Review: Clarice Lispector’s The Passion According to GH
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Because during those seconds, eyes shut, I was becoming aware of myself as one becomes aware of a taste: all of me tasted of steel and verdigris, I was all acid like metal on the tongue, like a crushed green plant, my whole taste rose to my mouth. What had I done to myself? With my heart thumping, my temples pulsing, this is what I’d done to myself. I had killed. I had killed!
In the passage above, the terrified protagonist of The Passion According to GH refers to her killing of a cockroach. Yes, you read that right, a cockroach. She then realizes that she has only managed to crush the lower half of the insect, and that a whitish mass is beginning to ooze from the wound.
This book, first published in Brazil in 1964, did not demand much attention at the time. Slowly though, it began to make the rounds among more intellectual readers and now it has become one of the most popular and beloved of Lispector’s works.
It’s a hard book to read. Clarice has always been considered something of a hermetic author. Many readers simply do not get it. Anyone who claims to get this particular novel probably has their own interpretation for the series of allegories and metaphors in the story. We say “story,” but, like most of Clarice Lispector’s books and short stories, it does not involve a plot and the typical development of a character arc. It’s more about an internal journey. It’s a book that reaches the reader’s senses rather than their mind.
Narrated in the first person, the book takes the form of a long stream of consciousness, through which the character analyzes her own life and arrives at a surprising revelation. Instead of conveying a single meaning or relying on a specific understanding of its beautifully written passages, the book creates specific atmospheres that will involve the reader in idiosyncratic ways. Reading Clarice Lispector is a unique experience. A well-known Brazilian writer, Guimarães Rosa, claimed that he read her not for the literary experience, but for guidance in life.
Among the themes of the book, we can identify the search for the essence of human nature; the perception of the neutrality of any kind of life (characterized as mere random living matter); the attempt to grasp a concept of god and the belief that the divinity cannot be anthropomorphized (Lispector is heavily influenced by the philosophy of Spinoza); she also discusses the arbitrary and materialistic nature of the universe; the blurred lines between normality and madness; the impossibility of avoiding [MM1] loneliness; and the duality of a wild animal essence and human nature in women. The reader may recognize echoes of Kafka in her stories (both authors share the same ethnic background after all, although explicit Jewish motifs rarely appear in the works of either).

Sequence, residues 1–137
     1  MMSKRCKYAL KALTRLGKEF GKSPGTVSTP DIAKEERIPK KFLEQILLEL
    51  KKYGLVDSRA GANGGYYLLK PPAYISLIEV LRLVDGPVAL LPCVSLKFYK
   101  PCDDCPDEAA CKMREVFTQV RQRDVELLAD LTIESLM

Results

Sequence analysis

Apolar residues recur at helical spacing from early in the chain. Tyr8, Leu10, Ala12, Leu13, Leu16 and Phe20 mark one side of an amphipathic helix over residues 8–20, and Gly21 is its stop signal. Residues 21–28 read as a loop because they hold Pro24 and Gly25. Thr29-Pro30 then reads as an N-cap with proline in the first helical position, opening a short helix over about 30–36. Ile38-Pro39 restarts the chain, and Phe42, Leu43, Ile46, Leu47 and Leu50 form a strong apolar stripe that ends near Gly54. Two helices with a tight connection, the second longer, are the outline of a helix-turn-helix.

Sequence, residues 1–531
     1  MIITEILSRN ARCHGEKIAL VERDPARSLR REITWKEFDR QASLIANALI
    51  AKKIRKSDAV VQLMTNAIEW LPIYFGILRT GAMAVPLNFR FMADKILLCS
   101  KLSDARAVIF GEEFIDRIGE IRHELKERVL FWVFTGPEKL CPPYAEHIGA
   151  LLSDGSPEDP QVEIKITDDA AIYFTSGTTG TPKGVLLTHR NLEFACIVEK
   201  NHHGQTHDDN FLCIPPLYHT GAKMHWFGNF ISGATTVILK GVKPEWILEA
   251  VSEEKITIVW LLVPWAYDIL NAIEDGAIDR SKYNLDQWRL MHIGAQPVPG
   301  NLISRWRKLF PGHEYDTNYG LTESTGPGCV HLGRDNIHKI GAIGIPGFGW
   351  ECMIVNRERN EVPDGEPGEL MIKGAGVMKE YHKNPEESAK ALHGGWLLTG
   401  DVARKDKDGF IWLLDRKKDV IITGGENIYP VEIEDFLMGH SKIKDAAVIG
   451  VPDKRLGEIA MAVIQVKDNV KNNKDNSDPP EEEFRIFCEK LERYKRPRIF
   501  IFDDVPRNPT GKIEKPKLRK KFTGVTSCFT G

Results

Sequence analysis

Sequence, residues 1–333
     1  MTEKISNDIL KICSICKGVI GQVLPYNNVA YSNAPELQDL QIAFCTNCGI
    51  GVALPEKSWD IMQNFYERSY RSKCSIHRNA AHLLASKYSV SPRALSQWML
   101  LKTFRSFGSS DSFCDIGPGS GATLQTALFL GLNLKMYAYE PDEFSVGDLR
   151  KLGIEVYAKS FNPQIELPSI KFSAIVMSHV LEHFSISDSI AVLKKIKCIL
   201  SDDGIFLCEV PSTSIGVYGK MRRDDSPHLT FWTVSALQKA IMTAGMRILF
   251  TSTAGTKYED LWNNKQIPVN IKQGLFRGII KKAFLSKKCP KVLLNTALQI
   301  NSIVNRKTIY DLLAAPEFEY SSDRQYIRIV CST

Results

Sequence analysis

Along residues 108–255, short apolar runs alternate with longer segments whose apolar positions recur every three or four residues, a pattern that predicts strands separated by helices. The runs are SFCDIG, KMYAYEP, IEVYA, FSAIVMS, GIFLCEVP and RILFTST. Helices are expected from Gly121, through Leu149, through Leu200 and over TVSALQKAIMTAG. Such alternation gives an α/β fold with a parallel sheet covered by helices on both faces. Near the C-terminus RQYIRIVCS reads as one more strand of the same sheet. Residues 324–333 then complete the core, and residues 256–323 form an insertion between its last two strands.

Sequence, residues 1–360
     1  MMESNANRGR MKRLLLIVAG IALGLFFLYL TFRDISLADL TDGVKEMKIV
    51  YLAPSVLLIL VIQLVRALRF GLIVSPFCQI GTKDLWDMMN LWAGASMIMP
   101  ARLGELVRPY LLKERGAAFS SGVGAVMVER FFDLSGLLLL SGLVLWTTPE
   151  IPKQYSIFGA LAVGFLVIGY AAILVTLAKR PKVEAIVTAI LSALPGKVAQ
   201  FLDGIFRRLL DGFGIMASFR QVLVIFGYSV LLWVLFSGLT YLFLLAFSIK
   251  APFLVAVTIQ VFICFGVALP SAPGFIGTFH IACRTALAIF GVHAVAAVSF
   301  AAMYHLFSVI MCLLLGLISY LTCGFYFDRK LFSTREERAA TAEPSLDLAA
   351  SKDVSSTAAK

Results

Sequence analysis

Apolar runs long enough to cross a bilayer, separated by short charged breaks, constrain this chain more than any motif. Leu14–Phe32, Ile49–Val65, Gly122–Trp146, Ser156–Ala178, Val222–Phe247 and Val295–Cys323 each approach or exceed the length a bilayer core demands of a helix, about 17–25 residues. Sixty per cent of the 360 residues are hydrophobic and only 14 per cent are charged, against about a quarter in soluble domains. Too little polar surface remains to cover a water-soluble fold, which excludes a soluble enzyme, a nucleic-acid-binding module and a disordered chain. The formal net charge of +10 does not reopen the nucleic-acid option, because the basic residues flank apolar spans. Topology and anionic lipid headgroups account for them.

The Passion can also be read politically. The transformation the main character undergoes and the birth of her new awareness take place in the maid’s room. The roach is first identified as a formless disgusting animal, hardly visible as we struggle to ignore it, but then it’s progressively compared to a mulatto woman (the maid that quit her job at the house the day before) and finally to GH herself, an educated white socialite belonging to the Brazilian upper middle class.
Any novel written by Clarice Lispector benefits greatly from a second or third reading. Once we get to the end, it’s always tempting to go back and read over it again to fit all of the loose pieces of the puzzle together. Things always make a lot more sense on a second reading. Then again, the interpretations tend to be personal and not commonly shared by her readers, but isn’t that true of any work of art?
Lispector herself claims that the best art is expressionless. It should not try to replicate reality. This is why she uses language as a way of approaching the meanings she’s searching, but she knows it will only convey an approximate sense of the reality. Language is not enough to get to the core of things.
Lispector is either loved or hated by many readers. Initial hatred or boredom with her oeuvre can turn into passion, though, if you give her a second chance (try another book or reread the story more than once).
Reading Lispector in English does not rob readers of much. Her use of Portuguese is unique in the way she creates original images and juxtaposes words, but she never sounds local. The language is standard, elegant and formal, which makes it easy for a translator to deal with the challenge.